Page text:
Historians often utilize the term “primary source” to describe a piece of historical evidence. The evidence can be anything created during the period in which one is researching. From pictures to speeches, primary sources can address local, national, and international history that opens time portals into a world that allows the interpretation of history through the eyes and minds of those who lived during the researched period. These sources can be integrated seamlessly and aligned to history standards and incorporated as primary sources into the curriculum.
Such sources are often invaluable opportunities to gain greater clarity and insight into historical figures. In this primary light, sources can serve as historical clues about the past. For example, some of the most tumultuous times in American history can be studied through primary sources. In addition, primary sources can be combined with other primary sources to shed better light on specific historical events. For instance, students might look at the speeches of Dr. Martin Luther King while examining the primary sources of poets during the civil rights era. By utilizing primary sources, students have multiple perspectives to evaluate and analyze their research. Students can use primary sources to think deeply and critically about different points of view.
Ironically, the same open portal to travel back in time provided through primary sources, lands us squarely on the poetic pages of protest “Whitey on the Moon” by poet and musical artist Gil Scott-Heron. Scott -Heron crafted his spoken word poem “Whitey on the Moon,” just after the moon landing in 1969. Scott-Heron’s words were hailed as a poem, rap, and ballad that spoke to the obliviousness and wastefulness of the privileged set against the backdrop of an America literally burning on Earth. As millions of Americans praised the moon landing lunar event as the most significant travel of all humanity, Scott-Heron scathingly criticized the “giant step” as misguided, arrogant, and the continued blatant dismissal of the disenfranchised. Scott-Heron lamented, “I can’t pay no doctor bills, but whiteys on the moon,” Prophetically perhaps, Scott-Heron says.
Ten years from now, I will be paying still While whiteys on the moon.
With the new interest in outer space travel and the race to outer space by billionaires Jeff Bezos, Richard Branson, and, more than likely, Elon Musk, this is a primary source that directly correlates with many of the new NC American History standards, and even a few of the World History standards. This document can be applied to standards such as Standard AH.B.1, which states: Evaluate American identity in terms of perspective, change, and continuity. The standard AH.B.1.3 concludes: Critique multiple perspectives of American identity in terms of oppression, stereotypes, diversity, inclusion, and exclusion and AH.B.1.6 further states: Explain how the experiences and achievements of minorities and marginalized peoples have contributed to American identity over time in terms of the struggle against bias, racism, oppression, and discrimination.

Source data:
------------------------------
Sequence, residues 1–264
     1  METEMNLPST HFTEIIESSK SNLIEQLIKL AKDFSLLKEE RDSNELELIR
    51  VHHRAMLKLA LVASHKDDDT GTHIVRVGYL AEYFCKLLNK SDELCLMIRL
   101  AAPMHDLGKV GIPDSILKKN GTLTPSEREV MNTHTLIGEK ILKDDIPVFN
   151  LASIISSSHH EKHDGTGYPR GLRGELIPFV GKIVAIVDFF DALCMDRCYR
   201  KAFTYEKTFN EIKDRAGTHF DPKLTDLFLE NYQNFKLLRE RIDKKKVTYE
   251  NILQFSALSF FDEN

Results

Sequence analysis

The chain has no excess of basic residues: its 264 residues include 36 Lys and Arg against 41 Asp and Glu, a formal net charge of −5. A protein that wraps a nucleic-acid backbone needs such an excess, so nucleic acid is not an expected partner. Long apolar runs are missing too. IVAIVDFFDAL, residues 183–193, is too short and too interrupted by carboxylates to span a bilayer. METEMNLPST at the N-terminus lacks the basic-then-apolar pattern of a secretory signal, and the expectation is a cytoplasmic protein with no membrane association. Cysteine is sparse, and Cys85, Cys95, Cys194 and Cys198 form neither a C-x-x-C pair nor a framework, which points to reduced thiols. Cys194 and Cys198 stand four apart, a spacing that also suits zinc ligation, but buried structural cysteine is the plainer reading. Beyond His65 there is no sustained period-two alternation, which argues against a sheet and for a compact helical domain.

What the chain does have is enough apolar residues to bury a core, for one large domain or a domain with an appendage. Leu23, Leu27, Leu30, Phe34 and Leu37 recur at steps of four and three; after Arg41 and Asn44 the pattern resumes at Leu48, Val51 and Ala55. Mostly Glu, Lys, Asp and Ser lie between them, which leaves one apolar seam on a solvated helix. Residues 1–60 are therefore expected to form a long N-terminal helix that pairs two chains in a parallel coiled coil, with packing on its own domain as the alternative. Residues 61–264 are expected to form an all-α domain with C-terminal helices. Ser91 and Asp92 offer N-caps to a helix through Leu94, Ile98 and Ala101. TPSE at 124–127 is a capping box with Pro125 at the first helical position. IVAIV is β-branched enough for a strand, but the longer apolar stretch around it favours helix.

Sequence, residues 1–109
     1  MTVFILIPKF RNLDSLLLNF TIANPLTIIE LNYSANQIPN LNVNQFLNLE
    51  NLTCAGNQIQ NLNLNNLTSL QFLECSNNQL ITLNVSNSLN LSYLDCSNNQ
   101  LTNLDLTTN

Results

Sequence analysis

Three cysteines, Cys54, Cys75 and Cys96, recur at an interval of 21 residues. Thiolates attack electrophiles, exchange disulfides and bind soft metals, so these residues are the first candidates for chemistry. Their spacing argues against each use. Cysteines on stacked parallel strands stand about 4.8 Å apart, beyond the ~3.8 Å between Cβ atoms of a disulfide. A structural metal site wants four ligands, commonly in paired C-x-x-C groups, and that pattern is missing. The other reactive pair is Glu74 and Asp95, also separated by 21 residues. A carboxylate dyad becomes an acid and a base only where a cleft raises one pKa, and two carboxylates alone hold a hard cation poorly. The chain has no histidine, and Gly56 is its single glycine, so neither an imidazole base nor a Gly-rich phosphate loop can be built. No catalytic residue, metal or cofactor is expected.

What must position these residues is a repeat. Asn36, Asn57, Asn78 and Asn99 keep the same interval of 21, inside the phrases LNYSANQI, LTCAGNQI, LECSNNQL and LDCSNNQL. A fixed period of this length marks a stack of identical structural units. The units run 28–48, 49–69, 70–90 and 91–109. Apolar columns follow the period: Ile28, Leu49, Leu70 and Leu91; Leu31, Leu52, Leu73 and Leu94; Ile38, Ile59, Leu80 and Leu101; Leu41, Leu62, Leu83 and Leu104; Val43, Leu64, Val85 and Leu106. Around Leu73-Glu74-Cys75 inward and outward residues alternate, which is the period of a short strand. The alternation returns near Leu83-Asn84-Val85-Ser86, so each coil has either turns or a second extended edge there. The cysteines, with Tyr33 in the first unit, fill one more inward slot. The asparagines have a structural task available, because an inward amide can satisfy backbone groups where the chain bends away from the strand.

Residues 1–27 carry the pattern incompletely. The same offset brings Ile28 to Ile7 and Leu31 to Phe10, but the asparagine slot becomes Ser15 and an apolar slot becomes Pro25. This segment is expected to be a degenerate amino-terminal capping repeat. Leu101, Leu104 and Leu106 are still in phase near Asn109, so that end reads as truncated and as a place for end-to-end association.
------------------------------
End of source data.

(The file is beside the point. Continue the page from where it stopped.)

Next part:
As students from every background speak out against social injustice, this spoken word poem used as a primary source can compare how the needs of the poor or disenfranchised are being met during a critical time such as the pandemic. Likewise, while millions of Americans fight evictions, students may argue that the primary source “Whitey on the Moon” is a fitting and relevant source to examine how America’s wealthiest choose to use their influence, power, and privilege.
In May 2021, the late Scott-Heron was posthumously inducted into the Rock and Roll Hall of Fame. Scott-Heron was lauded on this occasion as a “teller of uncomfortable truths.” So, who will tell the truth now? As billionaires burst through the outer limits of space, who are willing to speak about uncomfortable truths? These are questions students may ask after reading Scott-Heron’s primary source spoken word poem. Students will note that these pet projects by the wealthy do not make the world a better place for marginalized people, especially marginalized people of color. By using the poem as a primary source, students will actively participate in the history of the civil rights period. Students can challenge and debate evidence presented that might contradict or provide a different narrative of a primary source. Ultimately, analyzing primary historical sources can help the student better evaluate more current and contemporary sources. Most importantly, primary sources are more conducive to creating and supporting student-led inquiry in the classroom, by utilizing primary sources such as “Whitey on The Moon,” students see living history and history that might repeat themselves if no one learns from it. In the end, students might find it is not so far-fetched to imagine that Covid, in sent someone’s sister Nell to the hospital instead of a rat, moreover, while Whiteys such as Bezos and Brandon try to fly towards the moon, somebody who loves Nell cannot pay her Covid medical bill.